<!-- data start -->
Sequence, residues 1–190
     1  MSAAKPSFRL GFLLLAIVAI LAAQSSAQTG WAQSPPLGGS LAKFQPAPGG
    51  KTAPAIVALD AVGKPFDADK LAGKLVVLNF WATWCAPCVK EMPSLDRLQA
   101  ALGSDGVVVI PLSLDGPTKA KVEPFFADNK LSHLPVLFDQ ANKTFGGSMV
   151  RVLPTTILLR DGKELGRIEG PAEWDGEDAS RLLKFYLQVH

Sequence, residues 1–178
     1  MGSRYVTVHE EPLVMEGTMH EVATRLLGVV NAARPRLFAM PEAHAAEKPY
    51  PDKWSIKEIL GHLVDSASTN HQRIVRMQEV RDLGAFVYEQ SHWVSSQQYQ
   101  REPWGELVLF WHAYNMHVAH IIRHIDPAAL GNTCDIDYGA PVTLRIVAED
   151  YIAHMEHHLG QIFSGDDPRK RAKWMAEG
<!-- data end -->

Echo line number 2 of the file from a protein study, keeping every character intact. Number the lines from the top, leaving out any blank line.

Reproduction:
     1  MSAAKPSFRL GFLLLAIVAI LAAQSSAQTG WAQSPPLGGS LAKFQPAPGG